BILLINGS, Mont. - A federal judge has ruled against conservationists who sought to force the government to protect a high-elevation pine tree whose nuts are a food source for threatened grizzly bears.
The Wildwest Institute and Alliance for the Wild Rockies sued after the government designated in 2011 that protections for the whitebark pine tree were warranted, but precluded by other priorities.
U.S. District Judge Dana Christensen ruled on April 25 that the U.S. Fish and Wildlife Service designation leaves species such as the pine tree in limbo. But he declined to overturn the government finding, saying it's up to Congress to allocate enough money to pay for protections.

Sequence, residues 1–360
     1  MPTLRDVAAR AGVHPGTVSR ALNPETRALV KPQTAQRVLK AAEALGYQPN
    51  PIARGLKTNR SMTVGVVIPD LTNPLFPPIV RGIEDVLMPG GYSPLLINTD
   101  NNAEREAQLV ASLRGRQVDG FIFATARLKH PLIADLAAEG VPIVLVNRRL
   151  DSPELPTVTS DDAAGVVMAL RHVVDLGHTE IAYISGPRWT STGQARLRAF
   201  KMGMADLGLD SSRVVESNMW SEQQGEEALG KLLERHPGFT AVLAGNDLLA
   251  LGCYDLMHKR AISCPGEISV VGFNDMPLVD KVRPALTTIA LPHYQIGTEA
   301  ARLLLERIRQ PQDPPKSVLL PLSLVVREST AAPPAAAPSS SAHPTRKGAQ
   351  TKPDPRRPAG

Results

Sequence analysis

Whitebark pine are found in Montana, Wyoming, Idaho, California, Oregon, Washington and western Canada. Canada listed the tree as endangered in 2010.
- Airmen blocked access to Trump's inauguration by protesters
- Spokane police officer saves woman from burning car
- Update: Northern Idaho authorities clear deputy in fatal crash
- One person killed in early morning house fire
- Viral video features Spokane area airmen being blocked by protesters
- 92-year-old man attempts snow shoeing for first time